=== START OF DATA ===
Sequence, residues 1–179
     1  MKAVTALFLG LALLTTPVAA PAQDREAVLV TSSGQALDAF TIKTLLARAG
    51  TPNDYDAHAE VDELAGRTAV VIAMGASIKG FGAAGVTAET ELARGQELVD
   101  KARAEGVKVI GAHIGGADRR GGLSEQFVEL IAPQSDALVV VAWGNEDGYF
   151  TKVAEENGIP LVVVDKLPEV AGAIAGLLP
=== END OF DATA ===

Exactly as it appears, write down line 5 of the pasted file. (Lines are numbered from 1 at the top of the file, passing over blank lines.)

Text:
   151  TKVAEENGIP LVVVDKLPEV AGAIAGLLP